Research & Clinical Trials

Radiotherapy No Longer Routine for Mesothelioma Patients

Written By:
Jul 16, 2019
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Written By: Tim Povtak,
July 16, 2019

Prophylactic radiotherapy — once offered routinely after invasive procedures for pleural mesothelioma — is an unnecessary treatment for patients, according to the most recent study from the United Kingdom.

Results from a large, multicenter clinical trial have shown the treatment — used regularly for almost two decades — does little to prevent chest-wall metastasis that can occur with mesothelioma cancer.

“This should be helpful for patients to know if their oncologist is offering something they don’t really need,” clinical oncologist Dr. Neil Bayman, associate medical director at the Christie NHS Foundation Trust in Manchester, England, told The Mesothelioma Center at “For most, there is no benefit.”

The Journal of Clinical Oncology published the study results in June 2019.

Conflicting Evidence in the Past

The study involved 375 pleural mesothelioma patients from 54 hospitals who had undergone a chest wall procedure. Those include open-surgical biopsy, video-assisted thoracoscopic surgery, local anesthetic thoracoscopy or chest-drain insertion.

Previous studies have shown those procedures can cause tumor-cell seeding at the site and chest wall metastasis in anywhere from two to 50% of patients.

The prevailing belief, since the mid-90s, was prophylactic radiotherapy to the site of the chest wall could help prevent that problem.

“We’ve always worried that we were sending patients back and forth for treatment they didn’t really need. And that all it did was delay the chemotherapy,” Bayman said. “We wanted a large study to answer the question once and for all.”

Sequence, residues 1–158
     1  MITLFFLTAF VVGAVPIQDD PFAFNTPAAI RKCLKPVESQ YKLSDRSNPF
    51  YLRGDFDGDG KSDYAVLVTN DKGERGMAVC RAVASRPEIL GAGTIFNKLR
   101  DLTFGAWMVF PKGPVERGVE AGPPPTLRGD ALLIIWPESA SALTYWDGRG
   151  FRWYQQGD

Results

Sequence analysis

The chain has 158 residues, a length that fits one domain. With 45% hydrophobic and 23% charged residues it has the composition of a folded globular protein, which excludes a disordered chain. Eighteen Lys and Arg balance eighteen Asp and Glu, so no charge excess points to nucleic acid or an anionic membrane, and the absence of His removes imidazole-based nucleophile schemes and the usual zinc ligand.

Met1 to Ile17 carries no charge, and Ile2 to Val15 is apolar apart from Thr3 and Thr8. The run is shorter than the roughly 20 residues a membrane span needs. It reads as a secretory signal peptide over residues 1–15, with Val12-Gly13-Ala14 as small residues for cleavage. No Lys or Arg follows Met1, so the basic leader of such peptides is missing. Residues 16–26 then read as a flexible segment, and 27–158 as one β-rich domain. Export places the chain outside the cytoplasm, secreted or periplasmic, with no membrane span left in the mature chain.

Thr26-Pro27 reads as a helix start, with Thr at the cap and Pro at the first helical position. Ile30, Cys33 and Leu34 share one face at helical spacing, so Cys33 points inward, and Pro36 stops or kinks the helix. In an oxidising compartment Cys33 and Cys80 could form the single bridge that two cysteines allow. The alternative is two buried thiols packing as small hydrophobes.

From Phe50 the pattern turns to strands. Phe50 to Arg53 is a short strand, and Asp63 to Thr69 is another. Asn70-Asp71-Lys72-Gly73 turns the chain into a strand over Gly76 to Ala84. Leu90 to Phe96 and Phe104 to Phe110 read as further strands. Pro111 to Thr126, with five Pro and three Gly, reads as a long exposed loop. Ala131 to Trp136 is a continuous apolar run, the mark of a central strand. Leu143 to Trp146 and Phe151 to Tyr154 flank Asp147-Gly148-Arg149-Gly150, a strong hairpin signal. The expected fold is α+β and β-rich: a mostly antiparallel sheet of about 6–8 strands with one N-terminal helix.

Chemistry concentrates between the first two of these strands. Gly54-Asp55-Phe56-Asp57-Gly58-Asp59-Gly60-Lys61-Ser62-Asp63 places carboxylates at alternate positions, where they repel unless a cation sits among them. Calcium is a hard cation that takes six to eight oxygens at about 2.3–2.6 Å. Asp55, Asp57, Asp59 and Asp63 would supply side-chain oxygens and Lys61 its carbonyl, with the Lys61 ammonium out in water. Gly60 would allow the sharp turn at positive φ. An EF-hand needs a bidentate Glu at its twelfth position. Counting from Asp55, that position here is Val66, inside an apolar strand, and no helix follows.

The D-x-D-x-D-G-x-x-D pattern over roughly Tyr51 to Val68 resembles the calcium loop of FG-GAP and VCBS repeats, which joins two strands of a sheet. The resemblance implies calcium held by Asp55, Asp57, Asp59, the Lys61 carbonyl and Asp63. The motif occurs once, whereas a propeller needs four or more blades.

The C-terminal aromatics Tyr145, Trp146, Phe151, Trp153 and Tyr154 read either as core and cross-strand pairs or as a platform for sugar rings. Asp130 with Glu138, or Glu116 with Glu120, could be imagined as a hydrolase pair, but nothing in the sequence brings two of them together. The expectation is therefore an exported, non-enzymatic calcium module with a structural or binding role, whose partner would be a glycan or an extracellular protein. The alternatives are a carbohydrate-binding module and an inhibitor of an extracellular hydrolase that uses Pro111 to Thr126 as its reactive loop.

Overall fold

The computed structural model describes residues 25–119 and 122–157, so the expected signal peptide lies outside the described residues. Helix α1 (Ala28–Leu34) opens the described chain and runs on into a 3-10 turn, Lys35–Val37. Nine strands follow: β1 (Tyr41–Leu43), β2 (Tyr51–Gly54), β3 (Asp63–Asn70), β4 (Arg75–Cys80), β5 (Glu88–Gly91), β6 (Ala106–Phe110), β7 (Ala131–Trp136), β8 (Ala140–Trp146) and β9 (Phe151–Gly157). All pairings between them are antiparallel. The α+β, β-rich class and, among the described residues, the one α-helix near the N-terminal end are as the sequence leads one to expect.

In the randomized trial, researchers found little significant difference between those who underwent prophylactic radiation and those who did not.

At six months, six of 186 patients who received treatment had chest wall metastasis, compared with 10 of 189 patients who did not receive treatment.

At one year, the numbers increased to 15 and 19 patients, respectively.

At two years, there were 17 patients in the treatment group with chest wall metastasis and 29 in the nontreatment group.

Because the overall survival rate was less than 25% at 24 months, the difference was not considered significant to the study.

“We’ve gone from saying everyone should have it, to now saying it’s not effective,” Bayman said. “There still may be a group in the middle for whom it can be helpful, though. Instead of a one-size-fits-all standard — which it has been historically — we should try and personalize it.”

Even before the study was published, the routine use of prophylactic radiation had dropped significantly in the United States, although it still is being used in certain cases.

Improved Chemotherapy Taking Its Place

The National Comprehensive Cancer Network, a group of more than 30 leading centers in the U.S., recently changed its treatment guidelines to advise against routine prophylactic radiation.

“The study affirms the recent practice pattern,” radiation oncologist Dr. Charles Simone, chief medical officer at the New York Proton Center, told The Mesothelioma Center at “This is an important study for patients to be aware of, to help make informed decisions if they are offered this procedure. In recent years, it’s been more common in Europe than in the U.S.”

Both Simone and Bayman believe the improvements in chemotherapy effectiveness in the last decade have decreased the incidence of, or at least delayed, the chest wall tumor seeding that was once more prevalent, lessening the need for the treatment.

Ending the routine use of the procedure will end the adverse side effects that sometimes come with radiation therapy and allow patients to begin chemotherapy sooner.

More than half of those in the study had Grade 1 radiation dermatitis and 10.2% reported Grade 2.

“Through the years, there had been conflicting signals about the benefit of the procedure,” Bayman said. “Not anymore.”

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